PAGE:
New Band Tips For Bands – No Matter How Long You’ve Existed!
In this post, we discuss five great new band tips you need to follow. Even if you’re not in a new band! It’s never too late to get started on the right foot.
How to Start a Successful Band – New Band Tips 1
Set Goals and a Plan For Achieving Them
“If you don’t know where you’re going, you’ll always get there.” God, I hate cliches. But some of them exist because they’re true.
Communicate the goals
Every band member has an idea in their head as to what they want to achieve in music. And every band member has an idea whether your band is going to help them achieve those goals. The goals can evolve over time, and might not exist from the beginning of the band. But they should become clear fairly quickly. And these goals should be communicated so everyone is on the same page.
If your goals are more modest than someone else in the band, their goals might get you excited to try to achieve more. Or they might not make your band a good fit for them. Or you not a good fit for THEIR band! The sooner you know, the sooner you can be surrounded with talented musicians with the same drive and focus you have, however modest or ambitious it might be.
Set mile-markers for the goals
Part of what makes achieving goals so difficult is they can feel so very far away. And no matter how much progress you’re making, when your eyes are fixated on the distance, you don’t notice the progress you’ve made. So set mile-markers for your goals – mini-goals that, when achieved, will let you know you’re making progress.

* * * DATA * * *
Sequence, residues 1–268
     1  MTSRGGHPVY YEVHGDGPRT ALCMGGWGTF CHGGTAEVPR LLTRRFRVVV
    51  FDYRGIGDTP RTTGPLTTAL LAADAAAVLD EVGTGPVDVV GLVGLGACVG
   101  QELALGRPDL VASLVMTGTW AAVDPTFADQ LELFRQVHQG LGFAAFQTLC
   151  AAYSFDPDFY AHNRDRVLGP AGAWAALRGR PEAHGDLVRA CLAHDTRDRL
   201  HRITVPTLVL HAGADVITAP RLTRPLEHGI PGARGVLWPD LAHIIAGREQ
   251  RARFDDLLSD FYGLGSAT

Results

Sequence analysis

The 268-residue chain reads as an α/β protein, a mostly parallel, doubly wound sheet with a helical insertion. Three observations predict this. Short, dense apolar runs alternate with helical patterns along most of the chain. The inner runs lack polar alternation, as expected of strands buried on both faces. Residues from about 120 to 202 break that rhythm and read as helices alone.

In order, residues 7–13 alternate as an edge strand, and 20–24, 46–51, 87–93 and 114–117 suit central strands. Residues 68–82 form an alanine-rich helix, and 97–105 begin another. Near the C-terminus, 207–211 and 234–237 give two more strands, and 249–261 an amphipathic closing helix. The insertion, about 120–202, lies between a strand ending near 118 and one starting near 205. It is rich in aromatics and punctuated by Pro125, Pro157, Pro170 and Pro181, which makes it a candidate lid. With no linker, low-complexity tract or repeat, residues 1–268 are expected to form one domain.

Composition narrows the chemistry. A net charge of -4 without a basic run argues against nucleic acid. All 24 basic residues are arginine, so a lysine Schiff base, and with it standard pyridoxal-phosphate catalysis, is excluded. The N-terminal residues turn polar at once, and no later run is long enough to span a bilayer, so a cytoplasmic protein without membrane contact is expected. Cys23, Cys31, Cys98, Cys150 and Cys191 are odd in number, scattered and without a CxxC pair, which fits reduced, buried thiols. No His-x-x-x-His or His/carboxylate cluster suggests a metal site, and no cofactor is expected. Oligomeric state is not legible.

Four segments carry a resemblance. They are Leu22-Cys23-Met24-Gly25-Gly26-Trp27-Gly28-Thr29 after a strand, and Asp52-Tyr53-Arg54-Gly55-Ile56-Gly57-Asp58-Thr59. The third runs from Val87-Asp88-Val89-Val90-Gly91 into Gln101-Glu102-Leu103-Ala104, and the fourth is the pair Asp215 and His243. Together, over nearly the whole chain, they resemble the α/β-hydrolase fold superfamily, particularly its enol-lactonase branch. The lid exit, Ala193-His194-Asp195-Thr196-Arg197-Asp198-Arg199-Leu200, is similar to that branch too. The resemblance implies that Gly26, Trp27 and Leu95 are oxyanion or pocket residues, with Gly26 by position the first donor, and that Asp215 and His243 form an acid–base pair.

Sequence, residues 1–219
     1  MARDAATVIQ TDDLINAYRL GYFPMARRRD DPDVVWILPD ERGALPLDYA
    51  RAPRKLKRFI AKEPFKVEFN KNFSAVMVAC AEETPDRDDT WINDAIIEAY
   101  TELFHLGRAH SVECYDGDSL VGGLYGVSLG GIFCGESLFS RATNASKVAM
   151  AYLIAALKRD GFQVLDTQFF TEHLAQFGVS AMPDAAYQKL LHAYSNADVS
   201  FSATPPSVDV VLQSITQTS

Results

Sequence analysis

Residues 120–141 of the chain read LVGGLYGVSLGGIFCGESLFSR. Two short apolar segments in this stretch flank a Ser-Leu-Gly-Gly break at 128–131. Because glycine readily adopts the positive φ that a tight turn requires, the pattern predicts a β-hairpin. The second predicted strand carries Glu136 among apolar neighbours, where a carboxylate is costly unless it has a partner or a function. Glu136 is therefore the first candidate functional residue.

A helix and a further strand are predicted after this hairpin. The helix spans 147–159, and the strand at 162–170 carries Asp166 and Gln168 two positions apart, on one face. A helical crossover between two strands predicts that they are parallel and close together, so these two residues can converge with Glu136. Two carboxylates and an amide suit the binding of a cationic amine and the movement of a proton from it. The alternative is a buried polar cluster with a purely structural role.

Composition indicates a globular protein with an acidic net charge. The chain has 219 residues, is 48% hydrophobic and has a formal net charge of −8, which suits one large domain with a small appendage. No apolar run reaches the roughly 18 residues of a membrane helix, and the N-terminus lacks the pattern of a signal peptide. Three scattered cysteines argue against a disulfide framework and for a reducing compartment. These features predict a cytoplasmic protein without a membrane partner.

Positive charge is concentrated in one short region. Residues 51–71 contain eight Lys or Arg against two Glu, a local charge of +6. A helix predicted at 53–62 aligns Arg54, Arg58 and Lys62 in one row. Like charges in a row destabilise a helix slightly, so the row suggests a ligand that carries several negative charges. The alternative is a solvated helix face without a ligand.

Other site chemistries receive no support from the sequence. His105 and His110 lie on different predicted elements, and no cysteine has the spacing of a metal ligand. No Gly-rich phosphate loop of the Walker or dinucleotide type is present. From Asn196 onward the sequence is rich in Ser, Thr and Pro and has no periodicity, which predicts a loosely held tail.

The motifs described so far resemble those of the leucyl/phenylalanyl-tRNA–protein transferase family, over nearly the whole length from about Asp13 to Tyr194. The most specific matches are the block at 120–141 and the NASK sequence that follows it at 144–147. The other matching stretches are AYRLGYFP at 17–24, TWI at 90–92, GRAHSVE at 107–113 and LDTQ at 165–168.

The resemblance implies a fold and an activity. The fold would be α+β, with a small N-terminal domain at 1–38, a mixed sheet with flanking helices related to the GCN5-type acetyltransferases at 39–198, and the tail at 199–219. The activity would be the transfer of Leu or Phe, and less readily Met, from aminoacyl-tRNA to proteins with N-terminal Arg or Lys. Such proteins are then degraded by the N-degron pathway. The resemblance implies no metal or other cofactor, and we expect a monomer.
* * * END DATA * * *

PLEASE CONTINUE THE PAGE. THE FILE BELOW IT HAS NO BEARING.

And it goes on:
For example, if your goal is to sell out a 10,000 seat arena in 5 years, set a mid-way goal of selling out a 1000 capacity theater in 3 years. And set a mid-way goal to THAT one of selling out a 350 capacity club in 2 years. Then set a mid-way goal to THAT one of co-headlining a sell out at a 350 capacity club in 1 year. And so on.
Whatever your goals are, make sure they are “SMART” – Specific, Measurable, Attainable, Relevant, and Timely. Track those goals and, of course, when you achieve them, CELEBRATE THEM.
Band Rules and Expectations – New Band Tips 2
Band Agreement and Songwriting Credits
Agreeing in advance as to how Songwriting Credits and publishing isn’t as important as it once was, but it’s still important. Having an agreement as to how money is going to be distributed is a super-incredibly uncomfortable conversation every band needs to have, but few do.
Money is an uncomfortable topic for everyone. But you have to push through it. Even if it isn’t written down, making sure every band member understands how the money being generated by the band is going to be spent is super important. And it can change! Sometimes you’ll be saving up for the studio. Sometimes you’ll be saving up for a touring vehicle. Or a producer fee. Or a music video (but make sure you’re recording at least TWO with the same crew on the same day). If someone plays a gig expecting they’ll be taking home money to pay the rent, and then that doesn’t happen, you have an unnecessarily peeved bandmate.